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Infrastructure limits ability to move aid in Haiti

A girl collects water from a broken pipe in the street on January 19, 2010, in the Haitian capital, Port-au-Prince.
A girl collects water from a broken pipe in the street on January 19, 2010, in the Haitian capital, Port-au-Prince.
  • Capital's airport, country's roads and ports were devastated by last week's earthquake
  • Haiti's crumpled infrastructure chief obstacle to fresh supplies as well as food and water
  • Some equipment and other materials coming into Haiti by road from Dominican Republic
  • Officials looking into the possibility of opening an airstrip at Haitian city of Jacmel

(CNN) -- A week into the Haitian disaster, the desperate and dusty faces of both survivors and rescuers tell a plaintive story: We need more, more, more. And fast.

The capital's airport, the country's roads and its ports were devastated by last week's 7.0-magnitude earthquake, leaving Haiti's crumpled infrastructure the chief obstacle to fresh supplies as well as food and water.

"The significant limiting factor in terms of our ability to move forward is a reality of the infrastructure in Haiti," U.S. State Department spokesman P.J. Crowley told reporters Tuesday.

"But to the credit of the United States military, we started the operation (at Port-au-Prince's airport) with maybe 20 or so flights a day. They're now up well over 100."

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  • Haiti
  • Port-au-Prince
  • Earthquakes

The goal, he said, is to double that number. Opening a second runway would help, he said. So, too, would lighting at the airport.

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"Last night, we couldn't see to land the plane that was supposed to land," said Renzo Fricke, the chief of Haiti operations for the aid organization Doctors Without Borders. "The night before we were supposed to receive two planes that couldn't land. The night before it was the same. That's our fourth plane that's not able to land."

Fricke told CNN's Christiane Amanpour Tuesday that although the organization was "facing huge problems" in receiving supplies, the work went on.

"This morning we had to buy a saw in the market, in the city ... for our surgeons to do amputations," he said. "We had to buy a saw because our materials -- the medical equipment is not coming as it should arrive."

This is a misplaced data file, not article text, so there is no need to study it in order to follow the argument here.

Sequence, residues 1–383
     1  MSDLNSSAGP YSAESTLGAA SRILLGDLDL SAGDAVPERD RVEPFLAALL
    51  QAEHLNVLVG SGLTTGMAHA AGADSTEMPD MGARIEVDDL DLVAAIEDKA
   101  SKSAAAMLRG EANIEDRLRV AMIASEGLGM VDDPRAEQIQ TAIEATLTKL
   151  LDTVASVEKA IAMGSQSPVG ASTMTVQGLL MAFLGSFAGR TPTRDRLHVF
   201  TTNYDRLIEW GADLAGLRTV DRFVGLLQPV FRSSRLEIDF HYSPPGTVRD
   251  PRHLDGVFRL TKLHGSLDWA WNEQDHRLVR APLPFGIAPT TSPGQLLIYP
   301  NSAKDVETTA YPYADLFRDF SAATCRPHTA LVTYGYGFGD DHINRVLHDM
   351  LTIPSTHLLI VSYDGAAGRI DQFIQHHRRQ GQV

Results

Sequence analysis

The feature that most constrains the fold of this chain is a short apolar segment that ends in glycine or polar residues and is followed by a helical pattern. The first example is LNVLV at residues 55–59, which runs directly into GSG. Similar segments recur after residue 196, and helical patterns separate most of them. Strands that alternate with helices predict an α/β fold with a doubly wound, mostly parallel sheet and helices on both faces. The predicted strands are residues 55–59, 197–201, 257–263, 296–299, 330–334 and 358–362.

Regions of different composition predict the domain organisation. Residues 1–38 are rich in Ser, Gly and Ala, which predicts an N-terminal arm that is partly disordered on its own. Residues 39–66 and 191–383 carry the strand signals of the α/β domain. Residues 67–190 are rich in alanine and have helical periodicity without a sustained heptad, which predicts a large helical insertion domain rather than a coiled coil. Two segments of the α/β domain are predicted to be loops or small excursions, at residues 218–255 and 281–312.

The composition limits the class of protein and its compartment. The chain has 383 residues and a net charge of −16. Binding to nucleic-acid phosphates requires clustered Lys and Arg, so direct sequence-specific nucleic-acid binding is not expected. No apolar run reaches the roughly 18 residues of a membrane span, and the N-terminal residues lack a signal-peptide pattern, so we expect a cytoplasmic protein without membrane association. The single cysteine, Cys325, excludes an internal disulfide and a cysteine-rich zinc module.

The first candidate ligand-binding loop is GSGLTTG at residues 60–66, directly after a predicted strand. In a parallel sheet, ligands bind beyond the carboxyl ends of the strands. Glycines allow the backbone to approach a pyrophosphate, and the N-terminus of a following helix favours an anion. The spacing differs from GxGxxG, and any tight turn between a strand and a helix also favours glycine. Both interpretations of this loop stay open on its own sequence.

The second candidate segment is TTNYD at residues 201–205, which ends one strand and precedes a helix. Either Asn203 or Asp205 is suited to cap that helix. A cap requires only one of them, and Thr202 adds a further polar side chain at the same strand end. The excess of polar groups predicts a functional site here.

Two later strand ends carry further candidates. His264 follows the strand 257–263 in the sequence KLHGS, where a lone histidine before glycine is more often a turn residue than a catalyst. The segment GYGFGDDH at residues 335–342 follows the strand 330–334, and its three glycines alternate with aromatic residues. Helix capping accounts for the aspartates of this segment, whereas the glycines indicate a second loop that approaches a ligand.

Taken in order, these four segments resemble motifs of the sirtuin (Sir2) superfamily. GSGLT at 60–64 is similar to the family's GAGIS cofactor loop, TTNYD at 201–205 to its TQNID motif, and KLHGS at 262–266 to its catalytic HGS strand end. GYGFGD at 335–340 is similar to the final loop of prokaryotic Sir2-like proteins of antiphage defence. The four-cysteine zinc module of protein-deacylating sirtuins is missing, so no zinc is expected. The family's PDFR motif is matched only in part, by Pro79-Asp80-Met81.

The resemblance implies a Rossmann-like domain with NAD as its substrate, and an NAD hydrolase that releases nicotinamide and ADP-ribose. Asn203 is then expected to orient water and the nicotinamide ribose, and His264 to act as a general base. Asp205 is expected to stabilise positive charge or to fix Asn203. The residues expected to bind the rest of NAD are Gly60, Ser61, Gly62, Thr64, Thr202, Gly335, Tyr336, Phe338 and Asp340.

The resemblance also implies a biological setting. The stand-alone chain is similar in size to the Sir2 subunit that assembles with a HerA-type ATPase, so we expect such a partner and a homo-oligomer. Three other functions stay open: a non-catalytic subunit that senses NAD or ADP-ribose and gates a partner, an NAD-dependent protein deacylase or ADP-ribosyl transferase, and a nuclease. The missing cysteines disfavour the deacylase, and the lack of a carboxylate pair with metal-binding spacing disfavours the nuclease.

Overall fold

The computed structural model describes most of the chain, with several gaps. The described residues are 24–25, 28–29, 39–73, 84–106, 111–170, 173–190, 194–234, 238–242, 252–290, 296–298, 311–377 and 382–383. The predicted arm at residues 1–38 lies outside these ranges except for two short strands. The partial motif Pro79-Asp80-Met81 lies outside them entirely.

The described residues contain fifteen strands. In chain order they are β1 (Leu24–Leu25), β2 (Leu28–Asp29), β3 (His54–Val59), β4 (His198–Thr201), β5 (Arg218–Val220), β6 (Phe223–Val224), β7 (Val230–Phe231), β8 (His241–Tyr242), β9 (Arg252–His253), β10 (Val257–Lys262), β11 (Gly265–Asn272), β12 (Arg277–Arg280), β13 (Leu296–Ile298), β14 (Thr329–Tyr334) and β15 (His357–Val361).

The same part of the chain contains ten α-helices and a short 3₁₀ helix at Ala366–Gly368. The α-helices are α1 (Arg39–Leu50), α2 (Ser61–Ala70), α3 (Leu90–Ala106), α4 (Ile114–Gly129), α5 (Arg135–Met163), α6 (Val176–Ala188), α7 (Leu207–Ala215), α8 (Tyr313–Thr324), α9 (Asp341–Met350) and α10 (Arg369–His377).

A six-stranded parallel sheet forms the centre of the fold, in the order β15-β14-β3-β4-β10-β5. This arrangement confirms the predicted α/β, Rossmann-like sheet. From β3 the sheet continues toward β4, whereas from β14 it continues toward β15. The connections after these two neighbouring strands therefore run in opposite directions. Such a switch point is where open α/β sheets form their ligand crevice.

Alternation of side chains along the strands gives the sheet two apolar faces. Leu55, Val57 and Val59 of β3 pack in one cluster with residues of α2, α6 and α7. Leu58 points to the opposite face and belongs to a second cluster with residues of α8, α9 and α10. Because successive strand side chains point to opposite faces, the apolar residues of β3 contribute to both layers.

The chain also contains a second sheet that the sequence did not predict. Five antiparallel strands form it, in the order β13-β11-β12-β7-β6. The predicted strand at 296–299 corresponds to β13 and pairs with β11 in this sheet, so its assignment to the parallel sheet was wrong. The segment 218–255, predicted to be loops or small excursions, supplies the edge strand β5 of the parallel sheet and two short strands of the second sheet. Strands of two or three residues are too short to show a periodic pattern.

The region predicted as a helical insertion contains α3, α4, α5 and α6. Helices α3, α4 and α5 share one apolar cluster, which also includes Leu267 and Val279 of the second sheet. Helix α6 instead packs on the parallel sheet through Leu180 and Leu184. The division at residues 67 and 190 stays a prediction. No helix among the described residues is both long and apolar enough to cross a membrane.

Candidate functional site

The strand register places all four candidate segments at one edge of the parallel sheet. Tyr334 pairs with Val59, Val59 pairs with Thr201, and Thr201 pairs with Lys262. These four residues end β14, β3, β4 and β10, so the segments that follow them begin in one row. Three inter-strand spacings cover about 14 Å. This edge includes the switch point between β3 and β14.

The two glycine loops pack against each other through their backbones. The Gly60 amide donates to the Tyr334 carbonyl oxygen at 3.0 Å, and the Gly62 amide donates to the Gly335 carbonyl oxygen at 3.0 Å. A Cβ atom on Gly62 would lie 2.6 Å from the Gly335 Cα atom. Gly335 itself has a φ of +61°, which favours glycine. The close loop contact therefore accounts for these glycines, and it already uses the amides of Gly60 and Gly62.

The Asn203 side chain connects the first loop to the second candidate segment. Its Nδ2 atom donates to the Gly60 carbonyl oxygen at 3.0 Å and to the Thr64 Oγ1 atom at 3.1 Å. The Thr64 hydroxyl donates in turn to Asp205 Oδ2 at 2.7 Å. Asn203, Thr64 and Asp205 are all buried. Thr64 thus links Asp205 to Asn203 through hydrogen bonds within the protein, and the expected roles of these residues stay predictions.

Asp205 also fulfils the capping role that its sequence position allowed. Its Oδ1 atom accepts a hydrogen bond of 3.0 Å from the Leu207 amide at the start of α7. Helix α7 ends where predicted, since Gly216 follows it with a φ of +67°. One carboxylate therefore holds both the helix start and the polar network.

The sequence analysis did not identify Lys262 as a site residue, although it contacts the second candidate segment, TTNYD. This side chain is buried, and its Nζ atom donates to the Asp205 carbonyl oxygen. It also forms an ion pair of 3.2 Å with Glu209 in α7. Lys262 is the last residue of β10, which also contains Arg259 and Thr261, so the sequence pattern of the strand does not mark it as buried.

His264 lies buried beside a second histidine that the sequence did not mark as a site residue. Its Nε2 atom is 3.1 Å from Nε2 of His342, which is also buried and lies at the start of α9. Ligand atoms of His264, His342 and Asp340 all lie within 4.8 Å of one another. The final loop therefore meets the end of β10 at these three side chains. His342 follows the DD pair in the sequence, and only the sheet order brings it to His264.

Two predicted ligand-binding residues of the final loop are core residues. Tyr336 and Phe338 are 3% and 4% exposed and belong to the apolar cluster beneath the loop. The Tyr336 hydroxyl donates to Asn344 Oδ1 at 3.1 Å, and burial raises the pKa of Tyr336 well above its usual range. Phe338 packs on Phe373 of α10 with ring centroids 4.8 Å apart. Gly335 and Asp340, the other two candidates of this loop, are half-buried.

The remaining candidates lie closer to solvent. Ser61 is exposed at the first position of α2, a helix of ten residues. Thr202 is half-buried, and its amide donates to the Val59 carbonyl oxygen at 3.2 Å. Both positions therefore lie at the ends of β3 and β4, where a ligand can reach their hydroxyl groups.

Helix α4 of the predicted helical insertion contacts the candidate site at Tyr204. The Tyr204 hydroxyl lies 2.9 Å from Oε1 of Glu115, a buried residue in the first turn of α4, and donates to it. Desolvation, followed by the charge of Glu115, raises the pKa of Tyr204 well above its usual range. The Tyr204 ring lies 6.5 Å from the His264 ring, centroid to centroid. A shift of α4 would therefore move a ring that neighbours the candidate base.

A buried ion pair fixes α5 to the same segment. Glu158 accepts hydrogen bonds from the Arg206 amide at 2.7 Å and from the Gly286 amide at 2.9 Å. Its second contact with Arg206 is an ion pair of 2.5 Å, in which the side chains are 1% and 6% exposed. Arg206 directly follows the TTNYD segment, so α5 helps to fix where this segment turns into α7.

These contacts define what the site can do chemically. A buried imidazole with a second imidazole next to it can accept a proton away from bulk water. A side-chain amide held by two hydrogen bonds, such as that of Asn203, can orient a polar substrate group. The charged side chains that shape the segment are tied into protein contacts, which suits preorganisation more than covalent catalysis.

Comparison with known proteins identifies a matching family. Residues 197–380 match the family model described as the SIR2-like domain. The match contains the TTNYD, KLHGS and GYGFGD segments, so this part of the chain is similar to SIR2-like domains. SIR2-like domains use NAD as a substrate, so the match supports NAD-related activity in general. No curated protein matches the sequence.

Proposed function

Fricke said that some equipment and other materials are coming into Haiti by road from the Dominican Republic, a route that Crowley cited as one of several that are slowly being opened to channel aid. The airport, the ports, U.S. Navy ships with helicopters and a U.S. Marine unit are all important to getting vital supplies into the country, Crowley said.

High-resolution images of damage

Maj. Gen. Dan Allyn, the U.S. commander of the Haiti task force, told reporters that Haiti should see some "initial operating capacity" at its ports by the end of the week -- including the capability of bringing in fuel needed to take trucks into more remote areas.

Additionally, he said that officials were looking into the possibility of opening an airstrip at the city of Jacmel "to relieve some of the immediate pressure on Port-au-Prince airfield."

Cassandra Nelson, spokeswoman for Mercy Corps, which has a long-standing program in Haiti, said that aid is clearly increasing daily, but much more needs to be done.

"Operations here have been an incredible challenge, and Mercy Corps has done emergency response for years and years and is very seasoned," she said. "[But] we have to say this is probably one of the hardest ones we've had.

"We are working out of an office. Right now our office is overflowing. It's a place where we all sleep, we all eat granola bars, and we all do our work there."

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A more-than-welcome sight arrives off Haiti Wednesday morning: the U.S. Naval Ship Comfort, a state-of-the-art hospital ship that saw duty during the aftermath of Hurricane Katrina in 2005 in New Orleans and the 2001 terror attacks in New York, among others.

The ship, which can house up to 1,000 patients, brings with it more than 1,000 medical and support personnel.

But on the ground, caregivers struggle to provide the kind of care their patients need. Dr. Robert Fuller of the International Medical Corps, a group of volunteer medical personnel, said that his group is hoping to have intensive-care units in "a handful of days."

"Things are coming together, but it is certainly not the way it is back home," he said. "Right now we have seven operating rooms up and running on the campus. We could really use 20 probably. At times we run so low on medications that it gets difficult to know whether we will continue to operate."

Dr. Mark Hyman from Partners in Health, which also has a long-standing program in Haiti, said the military effort to get Haiti running again is working, but the need is simply unimaginable.

"Look, there's hundreds of thousands of patients that are injured," he said. "There's hundreds of thousands of others that have been killed probably, that we haven't even accounted for, and there's 150 nurses buried a few feet from here in the rubble of the nursing building."

And even those military personnel on the ground were spread widely. Brig. Gen. Floriano Peixoto, force commander of the Brazilian troops who make up the U.N. command in Haiti, said his soldiers were there to do whatever is needed.

"We understand that the country deserves more in terms of humanitarian aid and security, but our forces are dedicated to different fronts, including aid, security, search or bodies, recovery of missing people," he said. "It's a large amount of tasks to be done."